Advanced 9–12%Cr martensitic stainless steels to enable extension of steam turbine operating temperatures beyond 565 °C have been under development since the 1980s. Steam turbines with operating temperatures approaching 600 °C based on the first generation of these improved alloys, which exploited optimized levels of Mo, W, V, Nb, and N, entered service in the 1990s. Around the same time, a second generation of advanced alloys was developed incorporating additions of Co and B to further enhance creep strength. These alloys have recently been exploited to enable steam turbines with operating temperatures of up to 620 °C, and this new generation of steam turbines is now beginning to enter service. This paper describes the background to the development of these alloys and the experience gained in their application to the manufacture of high temperature rotor forgings and castings.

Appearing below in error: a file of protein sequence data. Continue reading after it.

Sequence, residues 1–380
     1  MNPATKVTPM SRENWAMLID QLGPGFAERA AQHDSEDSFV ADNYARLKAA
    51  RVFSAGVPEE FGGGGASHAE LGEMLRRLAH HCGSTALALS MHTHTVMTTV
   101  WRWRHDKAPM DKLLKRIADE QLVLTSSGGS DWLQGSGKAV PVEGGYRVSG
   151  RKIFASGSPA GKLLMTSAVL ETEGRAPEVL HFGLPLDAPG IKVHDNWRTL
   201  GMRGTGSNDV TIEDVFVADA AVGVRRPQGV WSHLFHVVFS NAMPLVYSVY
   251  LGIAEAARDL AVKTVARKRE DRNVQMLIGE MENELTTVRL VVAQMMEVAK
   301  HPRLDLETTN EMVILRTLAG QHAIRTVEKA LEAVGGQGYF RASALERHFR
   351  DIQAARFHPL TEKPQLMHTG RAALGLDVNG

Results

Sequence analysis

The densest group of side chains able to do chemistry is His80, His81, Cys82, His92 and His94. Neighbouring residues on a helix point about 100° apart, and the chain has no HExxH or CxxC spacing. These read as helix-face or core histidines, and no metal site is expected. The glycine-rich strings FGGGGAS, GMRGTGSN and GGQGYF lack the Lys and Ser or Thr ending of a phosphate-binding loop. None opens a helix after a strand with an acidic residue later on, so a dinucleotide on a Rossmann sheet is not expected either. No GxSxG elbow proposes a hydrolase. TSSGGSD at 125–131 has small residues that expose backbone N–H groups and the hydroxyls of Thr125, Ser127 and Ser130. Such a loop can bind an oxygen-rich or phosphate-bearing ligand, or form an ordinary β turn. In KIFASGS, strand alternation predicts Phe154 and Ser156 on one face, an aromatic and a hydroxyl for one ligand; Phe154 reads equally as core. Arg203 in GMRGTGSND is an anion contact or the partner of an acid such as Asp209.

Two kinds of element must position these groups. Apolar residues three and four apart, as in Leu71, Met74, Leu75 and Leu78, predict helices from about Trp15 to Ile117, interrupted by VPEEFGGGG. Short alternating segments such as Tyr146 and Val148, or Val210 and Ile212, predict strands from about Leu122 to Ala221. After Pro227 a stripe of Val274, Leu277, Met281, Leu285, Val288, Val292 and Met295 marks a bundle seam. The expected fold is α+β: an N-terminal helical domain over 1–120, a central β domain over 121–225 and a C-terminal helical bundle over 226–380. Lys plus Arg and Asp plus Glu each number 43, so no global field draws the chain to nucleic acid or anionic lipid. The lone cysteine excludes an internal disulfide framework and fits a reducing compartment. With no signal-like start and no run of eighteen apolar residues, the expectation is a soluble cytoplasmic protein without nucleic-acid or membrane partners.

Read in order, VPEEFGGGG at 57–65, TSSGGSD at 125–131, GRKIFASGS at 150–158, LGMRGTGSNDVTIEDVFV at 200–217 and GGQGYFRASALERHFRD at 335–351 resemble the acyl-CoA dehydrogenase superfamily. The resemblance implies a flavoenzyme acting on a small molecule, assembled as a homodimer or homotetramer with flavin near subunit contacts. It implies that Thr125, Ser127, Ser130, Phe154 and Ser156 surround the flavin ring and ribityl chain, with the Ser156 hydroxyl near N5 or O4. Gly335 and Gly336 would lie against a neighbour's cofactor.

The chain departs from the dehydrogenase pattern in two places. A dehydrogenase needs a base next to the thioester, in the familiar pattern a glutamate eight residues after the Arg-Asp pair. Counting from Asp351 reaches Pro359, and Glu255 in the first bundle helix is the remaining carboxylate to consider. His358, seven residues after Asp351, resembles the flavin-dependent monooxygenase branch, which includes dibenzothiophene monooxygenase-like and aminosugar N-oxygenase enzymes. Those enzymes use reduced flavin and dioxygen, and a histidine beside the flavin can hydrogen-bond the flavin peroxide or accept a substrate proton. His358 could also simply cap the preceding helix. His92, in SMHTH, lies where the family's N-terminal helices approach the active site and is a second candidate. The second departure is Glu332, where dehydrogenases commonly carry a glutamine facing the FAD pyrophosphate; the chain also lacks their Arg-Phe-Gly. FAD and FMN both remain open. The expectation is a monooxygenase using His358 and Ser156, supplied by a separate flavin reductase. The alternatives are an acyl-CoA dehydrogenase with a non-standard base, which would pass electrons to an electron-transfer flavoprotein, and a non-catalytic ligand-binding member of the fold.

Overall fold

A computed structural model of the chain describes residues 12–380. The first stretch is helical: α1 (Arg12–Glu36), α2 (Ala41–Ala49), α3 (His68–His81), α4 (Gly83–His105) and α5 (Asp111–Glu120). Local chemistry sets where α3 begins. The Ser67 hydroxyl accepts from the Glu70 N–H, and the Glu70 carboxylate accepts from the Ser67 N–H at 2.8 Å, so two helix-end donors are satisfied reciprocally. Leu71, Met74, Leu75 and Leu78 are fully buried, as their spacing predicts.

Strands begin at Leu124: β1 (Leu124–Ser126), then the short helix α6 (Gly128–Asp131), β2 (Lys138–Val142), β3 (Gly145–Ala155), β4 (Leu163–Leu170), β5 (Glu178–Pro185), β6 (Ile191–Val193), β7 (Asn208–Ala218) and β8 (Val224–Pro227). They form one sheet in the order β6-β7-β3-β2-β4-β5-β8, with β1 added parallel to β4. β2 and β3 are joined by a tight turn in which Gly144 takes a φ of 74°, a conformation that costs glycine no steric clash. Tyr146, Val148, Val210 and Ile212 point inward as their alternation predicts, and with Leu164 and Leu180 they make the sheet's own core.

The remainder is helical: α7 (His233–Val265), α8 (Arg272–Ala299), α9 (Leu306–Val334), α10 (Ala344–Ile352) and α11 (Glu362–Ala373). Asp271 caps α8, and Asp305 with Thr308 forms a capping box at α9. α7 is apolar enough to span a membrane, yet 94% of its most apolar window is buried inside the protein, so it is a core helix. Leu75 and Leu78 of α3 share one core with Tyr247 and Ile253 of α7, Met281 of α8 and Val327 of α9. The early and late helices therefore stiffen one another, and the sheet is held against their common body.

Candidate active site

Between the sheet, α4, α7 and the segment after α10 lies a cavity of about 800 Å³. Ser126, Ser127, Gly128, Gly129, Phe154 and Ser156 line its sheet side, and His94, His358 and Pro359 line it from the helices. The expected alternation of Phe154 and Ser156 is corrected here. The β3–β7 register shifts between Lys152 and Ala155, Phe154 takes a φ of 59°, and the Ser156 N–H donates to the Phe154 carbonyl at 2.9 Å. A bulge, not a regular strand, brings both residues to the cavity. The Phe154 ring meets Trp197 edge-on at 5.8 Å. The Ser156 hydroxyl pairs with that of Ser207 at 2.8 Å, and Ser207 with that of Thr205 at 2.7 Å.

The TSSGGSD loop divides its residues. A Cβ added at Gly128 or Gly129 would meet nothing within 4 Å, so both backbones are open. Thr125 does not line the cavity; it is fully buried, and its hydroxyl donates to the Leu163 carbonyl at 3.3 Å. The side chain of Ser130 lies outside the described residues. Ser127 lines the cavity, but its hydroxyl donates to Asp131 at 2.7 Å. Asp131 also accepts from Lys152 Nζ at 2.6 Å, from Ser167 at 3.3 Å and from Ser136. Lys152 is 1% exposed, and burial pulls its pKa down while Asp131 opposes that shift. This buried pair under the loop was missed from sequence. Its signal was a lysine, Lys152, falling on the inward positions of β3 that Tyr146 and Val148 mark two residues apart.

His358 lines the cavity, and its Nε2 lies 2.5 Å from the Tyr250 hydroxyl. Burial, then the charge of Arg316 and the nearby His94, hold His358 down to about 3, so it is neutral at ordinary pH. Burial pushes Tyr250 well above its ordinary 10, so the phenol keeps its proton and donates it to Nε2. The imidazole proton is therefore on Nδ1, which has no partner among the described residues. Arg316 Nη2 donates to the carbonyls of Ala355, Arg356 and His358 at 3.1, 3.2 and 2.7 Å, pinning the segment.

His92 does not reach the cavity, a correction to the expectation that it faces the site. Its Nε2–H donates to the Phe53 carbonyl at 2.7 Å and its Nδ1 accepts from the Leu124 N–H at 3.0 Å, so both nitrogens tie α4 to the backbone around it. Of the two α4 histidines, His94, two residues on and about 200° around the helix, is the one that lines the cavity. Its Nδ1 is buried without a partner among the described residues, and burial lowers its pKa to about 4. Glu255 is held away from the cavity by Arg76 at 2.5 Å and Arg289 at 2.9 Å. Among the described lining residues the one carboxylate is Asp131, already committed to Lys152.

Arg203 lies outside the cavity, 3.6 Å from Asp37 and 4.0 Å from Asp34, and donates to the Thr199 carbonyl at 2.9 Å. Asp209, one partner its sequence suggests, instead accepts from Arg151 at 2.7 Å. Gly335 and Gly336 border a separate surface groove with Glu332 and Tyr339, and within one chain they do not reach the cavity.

Manufacturing Experience in an Advanced 9%CrMoCoVNbNB Alloy for Ultra-Supercritical Steam Turbine Rotor Forgings and Castings
Contributed by the International Gas Turbine Institute (IGTI) of ASME for publication in the Journal of Engineering for Gas Turbines and Power. Manuscript received July 13, 2012; final manuscript received November 22, 2012; published online May 20, 2013. Editor: David Wisler.
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Vanstone, R., Chilton, I., and Jaworski, P. (May 20, 2013). "Manufacturing Experience in an Advanced 9%CrMoCoVNbNB Alloy for Ultra-Supercritical Steam Turbine Rotor Forgings and Castings." ASME. J. Eng. Gas Turbines Power. June 2013; 135(6): 062101. https://doi.org/10.1115/1.4023606
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